On This Day: There's Poison In My Pint

Thousands of beer barrels were emptied into the streets across Lancashire on 1st December, 1900 - when it finally dawned on people that the cheap stout they’d been drinking was contaminated with arsenic. 

Over 6,000 members of the public were poisoned, mostly across Manchester and Salford, thanks to the practice of breweries padding out the barley with inexpensive glucose syrup. 

In this episode, Arion, Rebecca and Olly consider the role that the class system played in the initial diagnoses of mass ‘alcoholic multiple neuritis’; reveal the one company in the supply chain that eventually stumped up £136,000 compensation; and explain how general elections were believed to push the general public into the public houses…Further Reading:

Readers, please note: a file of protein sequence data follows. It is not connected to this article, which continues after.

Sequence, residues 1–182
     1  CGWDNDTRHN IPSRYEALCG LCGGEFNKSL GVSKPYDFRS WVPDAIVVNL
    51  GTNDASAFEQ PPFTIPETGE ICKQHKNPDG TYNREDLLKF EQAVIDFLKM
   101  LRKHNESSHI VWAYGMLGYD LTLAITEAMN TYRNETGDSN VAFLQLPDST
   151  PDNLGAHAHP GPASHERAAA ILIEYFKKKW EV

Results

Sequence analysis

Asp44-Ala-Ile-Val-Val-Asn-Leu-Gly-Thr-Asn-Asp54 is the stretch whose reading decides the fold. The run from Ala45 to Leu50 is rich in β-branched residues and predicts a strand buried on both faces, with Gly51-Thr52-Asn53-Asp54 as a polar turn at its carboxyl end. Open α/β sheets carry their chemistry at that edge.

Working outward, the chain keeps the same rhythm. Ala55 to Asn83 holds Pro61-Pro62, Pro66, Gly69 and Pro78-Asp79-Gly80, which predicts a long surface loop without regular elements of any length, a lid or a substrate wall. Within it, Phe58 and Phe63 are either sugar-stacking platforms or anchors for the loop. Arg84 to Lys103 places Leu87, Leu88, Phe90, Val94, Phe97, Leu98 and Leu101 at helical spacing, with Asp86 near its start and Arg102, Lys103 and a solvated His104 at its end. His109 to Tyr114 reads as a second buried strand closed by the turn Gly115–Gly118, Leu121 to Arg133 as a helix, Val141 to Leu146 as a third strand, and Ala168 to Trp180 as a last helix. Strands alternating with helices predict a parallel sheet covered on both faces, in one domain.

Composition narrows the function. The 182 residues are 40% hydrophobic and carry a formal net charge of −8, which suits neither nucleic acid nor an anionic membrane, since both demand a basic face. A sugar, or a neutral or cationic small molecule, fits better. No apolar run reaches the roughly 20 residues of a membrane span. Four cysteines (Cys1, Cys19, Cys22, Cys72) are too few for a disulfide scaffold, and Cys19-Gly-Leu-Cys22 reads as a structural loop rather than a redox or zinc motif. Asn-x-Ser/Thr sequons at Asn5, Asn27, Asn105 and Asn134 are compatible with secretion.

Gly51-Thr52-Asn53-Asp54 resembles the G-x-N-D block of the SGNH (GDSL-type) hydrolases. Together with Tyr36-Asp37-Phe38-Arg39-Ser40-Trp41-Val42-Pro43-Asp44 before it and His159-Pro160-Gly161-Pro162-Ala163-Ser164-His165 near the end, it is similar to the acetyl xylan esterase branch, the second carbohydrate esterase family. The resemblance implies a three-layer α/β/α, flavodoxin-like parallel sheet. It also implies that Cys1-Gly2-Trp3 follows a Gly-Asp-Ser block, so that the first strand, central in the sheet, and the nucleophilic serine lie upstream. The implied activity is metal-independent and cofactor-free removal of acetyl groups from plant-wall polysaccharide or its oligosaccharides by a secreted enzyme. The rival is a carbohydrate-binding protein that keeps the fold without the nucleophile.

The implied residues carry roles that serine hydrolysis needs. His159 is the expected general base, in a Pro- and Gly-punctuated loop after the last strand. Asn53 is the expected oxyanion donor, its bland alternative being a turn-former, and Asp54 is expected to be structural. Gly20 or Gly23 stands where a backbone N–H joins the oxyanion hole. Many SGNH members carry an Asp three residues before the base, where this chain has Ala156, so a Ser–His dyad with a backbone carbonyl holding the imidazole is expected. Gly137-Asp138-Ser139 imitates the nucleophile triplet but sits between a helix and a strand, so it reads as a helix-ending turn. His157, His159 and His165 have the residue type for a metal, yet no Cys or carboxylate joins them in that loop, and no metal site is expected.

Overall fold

• ‘The Lancet’ covers the news (1900): https://www.sciencedirect.com/sdfe/pdf/download/eid/1-s2.0-S014067360189036X/first-page-pdf

• ‘The 1900 arsenic poisoning epidemic’ (from the Journal of the Brewery History Society): 


• ‘Arsenic: The Most Popular Poison In Victorian Britain’ (Victorian Pharmacy, 2018): https://www.youtube.com/watch?v=93XYE56KwSk

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The Retrospectors are Olly Mann, Rebecca Messina & Arion McNicoll, with Matt Hill.

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